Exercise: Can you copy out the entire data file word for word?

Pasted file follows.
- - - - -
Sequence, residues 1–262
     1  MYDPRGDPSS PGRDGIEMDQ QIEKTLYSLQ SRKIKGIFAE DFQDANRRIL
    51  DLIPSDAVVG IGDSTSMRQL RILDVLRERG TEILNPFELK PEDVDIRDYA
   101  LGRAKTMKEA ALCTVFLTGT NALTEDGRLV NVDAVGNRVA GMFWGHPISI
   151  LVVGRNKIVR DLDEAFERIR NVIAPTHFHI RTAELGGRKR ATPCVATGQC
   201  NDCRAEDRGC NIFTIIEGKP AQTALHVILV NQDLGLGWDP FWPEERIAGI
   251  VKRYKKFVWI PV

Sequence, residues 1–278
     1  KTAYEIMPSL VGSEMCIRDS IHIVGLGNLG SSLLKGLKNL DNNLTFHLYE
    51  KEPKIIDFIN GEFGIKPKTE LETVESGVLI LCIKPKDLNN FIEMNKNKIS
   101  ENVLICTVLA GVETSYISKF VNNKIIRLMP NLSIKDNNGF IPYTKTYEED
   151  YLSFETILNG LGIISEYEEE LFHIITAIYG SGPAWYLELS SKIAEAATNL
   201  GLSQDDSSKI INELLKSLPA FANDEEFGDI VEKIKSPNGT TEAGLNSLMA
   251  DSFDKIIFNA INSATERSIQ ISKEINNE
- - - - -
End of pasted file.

Sequence, residues 1–262
     1  MYDPRGDPSS PGRDGIEMDQ QIEKTLYSLQ SRKIKGIFAE DFQDANRRIL
    51  DLIPSDAVVG IGDSTSMRQL RILDVLRERG TEILNPFELK PEDVDIRDYA
   101  LGRAKTMKEA ALCTVFLTGT NALTEDGRLV NVDAVGNRVA GMFWGHPISI
   151  LVVGRNKIVR DLDEAFERIR NVIAPTHFHI RTAELGGRKR ATPCVATGQC
   201  NDCRAEDRGC NIFTIIEGKP AQTALHVILV NQDLGLGWDP FWPEERIAGI
   251  VKRYKKFVWI PV

Sequence, residues 1–278
     1  KTAYEIMPSL VGSEMCIRDS IHIVGLGNLG SSLLKGLKNL DNNLTFHLYE
    51  KEPKIIDFIN GEFGIKPKTE LETVESGVLI LCIKPKDLNN FIEMNKNKIS
   101  ENVLICTVLA GVETSYISKF VNNKIIRLMP NLSIKDNNGF IPYTKTYEED
   151  YLSFETILNG LGIISEYEEE LFHIITAIYG SGPAWYLELS SKIAEAATNL
   201  GLSQDDSSKI INELLKSLPA FANDEEFGDI VEKIKSPNGT TEAGLNSLMA
   251  DSFDKIIFNA INSATERSIQ ISKEINNE